VERONA (Reuters) - Italian lenders set to head two new banking groups being created by merging hundreds of small cooperative banks (BCCs) must be ready to strengthen their capital if needed, the central bank’s governor said on Saturday.
Italy is forcing its tiny BCC banks to merge and two new groups being formed will undergo an asset check-up this year before moving under the European Central Bank’s oversight because of their large size.
Bank of Italy Governor Ignazio Visco said in a speech in the northern Italian town of Verona that such reform was increasingly necessary.
The BCC banks found it impossible to raise equity capital on the markets and had seen their profits drop, Visco said, and had lower provisions against loan losses despite a bad loan burden which was two percentage points above the high Italian average.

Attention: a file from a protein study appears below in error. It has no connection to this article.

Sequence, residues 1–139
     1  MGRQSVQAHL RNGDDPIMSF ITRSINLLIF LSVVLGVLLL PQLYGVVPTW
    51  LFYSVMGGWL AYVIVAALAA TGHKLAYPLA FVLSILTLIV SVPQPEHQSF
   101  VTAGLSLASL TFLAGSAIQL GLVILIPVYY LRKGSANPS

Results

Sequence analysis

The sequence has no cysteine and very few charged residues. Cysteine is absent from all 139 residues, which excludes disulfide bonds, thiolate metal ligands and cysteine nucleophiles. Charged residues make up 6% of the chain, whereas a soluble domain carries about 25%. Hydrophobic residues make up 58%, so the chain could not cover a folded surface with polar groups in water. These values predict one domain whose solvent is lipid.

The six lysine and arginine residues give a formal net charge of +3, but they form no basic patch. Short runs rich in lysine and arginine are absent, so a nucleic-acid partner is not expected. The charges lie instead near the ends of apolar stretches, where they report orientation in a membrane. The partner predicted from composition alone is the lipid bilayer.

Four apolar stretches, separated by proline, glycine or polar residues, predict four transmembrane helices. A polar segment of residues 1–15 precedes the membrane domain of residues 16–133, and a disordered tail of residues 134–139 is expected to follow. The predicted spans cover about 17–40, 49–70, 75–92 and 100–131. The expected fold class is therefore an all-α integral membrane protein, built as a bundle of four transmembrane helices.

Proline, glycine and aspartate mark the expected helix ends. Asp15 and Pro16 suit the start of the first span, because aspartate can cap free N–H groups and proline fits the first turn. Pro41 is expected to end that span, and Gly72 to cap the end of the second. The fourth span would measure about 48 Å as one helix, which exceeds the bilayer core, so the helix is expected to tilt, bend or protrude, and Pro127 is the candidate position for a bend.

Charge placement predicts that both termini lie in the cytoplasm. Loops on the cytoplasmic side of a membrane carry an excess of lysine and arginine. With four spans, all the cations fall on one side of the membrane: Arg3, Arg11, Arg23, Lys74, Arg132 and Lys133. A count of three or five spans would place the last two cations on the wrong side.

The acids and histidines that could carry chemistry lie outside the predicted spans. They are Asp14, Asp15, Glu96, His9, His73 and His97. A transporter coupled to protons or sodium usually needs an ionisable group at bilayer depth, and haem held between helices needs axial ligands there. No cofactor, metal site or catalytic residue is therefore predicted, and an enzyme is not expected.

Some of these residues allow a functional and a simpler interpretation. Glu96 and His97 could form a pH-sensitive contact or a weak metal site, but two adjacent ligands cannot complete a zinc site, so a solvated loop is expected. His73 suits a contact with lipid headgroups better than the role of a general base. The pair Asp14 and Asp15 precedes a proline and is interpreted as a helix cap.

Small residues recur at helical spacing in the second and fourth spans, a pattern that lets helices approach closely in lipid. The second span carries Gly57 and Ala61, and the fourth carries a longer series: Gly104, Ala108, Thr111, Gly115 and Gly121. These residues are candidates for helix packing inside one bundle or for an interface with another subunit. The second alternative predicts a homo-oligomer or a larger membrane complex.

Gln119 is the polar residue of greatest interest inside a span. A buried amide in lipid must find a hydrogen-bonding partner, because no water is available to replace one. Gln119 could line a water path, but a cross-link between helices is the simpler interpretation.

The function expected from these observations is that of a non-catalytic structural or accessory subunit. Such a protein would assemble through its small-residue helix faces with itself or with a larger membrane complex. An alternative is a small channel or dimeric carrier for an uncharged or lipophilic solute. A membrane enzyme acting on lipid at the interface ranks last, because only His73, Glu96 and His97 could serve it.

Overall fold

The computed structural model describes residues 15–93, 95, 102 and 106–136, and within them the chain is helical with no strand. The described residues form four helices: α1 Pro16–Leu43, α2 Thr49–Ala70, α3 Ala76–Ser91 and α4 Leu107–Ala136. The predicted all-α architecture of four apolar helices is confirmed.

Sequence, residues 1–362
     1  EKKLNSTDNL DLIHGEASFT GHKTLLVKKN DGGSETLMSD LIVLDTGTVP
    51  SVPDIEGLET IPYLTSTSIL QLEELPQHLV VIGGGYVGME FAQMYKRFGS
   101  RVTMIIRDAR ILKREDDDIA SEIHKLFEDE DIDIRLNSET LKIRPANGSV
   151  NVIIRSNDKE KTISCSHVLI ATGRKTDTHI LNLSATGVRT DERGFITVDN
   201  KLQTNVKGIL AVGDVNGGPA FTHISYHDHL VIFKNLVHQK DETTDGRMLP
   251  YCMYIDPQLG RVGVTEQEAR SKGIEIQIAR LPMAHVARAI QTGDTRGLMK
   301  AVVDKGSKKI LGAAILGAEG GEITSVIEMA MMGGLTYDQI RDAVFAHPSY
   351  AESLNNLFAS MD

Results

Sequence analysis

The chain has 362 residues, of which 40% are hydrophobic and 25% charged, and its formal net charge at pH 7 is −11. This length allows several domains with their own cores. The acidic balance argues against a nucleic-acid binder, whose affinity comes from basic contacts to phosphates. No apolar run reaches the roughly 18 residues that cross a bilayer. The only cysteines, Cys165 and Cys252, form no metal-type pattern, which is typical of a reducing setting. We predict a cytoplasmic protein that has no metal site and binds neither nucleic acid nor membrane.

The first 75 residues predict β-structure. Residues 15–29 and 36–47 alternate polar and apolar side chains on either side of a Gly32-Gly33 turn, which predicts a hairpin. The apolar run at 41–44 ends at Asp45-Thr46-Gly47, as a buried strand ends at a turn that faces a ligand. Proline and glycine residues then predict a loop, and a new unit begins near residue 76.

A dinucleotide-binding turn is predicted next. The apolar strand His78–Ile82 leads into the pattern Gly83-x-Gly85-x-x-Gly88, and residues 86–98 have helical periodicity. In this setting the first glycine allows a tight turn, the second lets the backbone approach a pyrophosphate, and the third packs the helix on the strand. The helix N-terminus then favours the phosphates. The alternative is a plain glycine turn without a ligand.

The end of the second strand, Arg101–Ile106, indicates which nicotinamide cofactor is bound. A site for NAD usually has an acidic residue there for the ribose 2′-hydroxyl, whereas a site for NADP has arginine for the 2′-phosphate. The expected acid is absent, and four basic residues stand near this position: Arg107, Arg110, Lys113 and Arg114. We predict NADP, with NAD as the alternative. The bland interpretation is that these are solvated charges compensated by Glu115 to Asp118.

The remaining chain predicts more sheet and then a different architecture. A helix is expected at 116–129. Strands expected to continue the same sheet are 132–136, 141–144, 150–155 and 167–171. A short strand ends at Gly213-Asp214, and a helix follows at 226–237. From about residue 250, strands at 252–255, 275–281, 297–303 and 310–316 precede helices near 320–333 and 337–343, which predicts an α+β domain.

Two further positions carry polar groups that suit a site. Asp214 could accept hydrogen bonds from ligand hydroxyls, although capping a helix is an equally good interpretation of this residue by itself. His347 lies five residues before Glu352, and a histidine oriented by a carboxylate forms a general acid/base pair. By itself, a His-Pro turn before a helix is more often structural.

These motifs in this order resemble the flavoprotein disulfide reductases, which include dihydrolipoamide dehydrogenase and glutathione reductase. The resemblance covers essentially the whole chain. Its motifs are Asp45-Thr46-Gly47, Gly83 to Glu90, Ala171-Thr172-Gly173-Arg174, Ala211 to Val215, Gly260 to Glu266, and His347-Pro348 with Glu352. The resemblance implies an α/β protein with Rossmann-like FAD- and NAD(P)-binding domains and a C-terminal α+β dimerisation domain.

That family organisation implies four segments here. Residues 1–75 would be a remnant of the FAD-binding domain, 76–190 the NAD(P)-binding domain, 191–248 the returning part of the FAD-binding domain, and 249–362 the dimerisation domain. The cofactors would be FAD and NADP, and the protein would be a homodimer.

“The groundwork for the establishment of cooperative banking groups must be laid more rapidly,” he told the Assiom-Forex banking conference.
“The Bank of Italy is examining the application by Cassa Centrale Raiffeisen to set up a local banking group. Discussions are currently under way with Iccrea and Cassa Centrale Banca on their applications to establish the two significant groups ... the parent banks must draw up suitable capital strengthening plans to be put into effect as and when necessary,” he said.
Turning to Italian banks in general, Visco called for lenders to be more efficient and pro-active in managing soured loans, especially those that are not yet in default, and to take advantage of new accounting rules to book more writedowns.
He said an in-depth review of business models was necessary to lift profitability in the face of technological and regulatory costs, further loan losses and rising competition in the asset management industry.
Reporting by Paola Arosio and Valentina Za, editing by Gavin Jones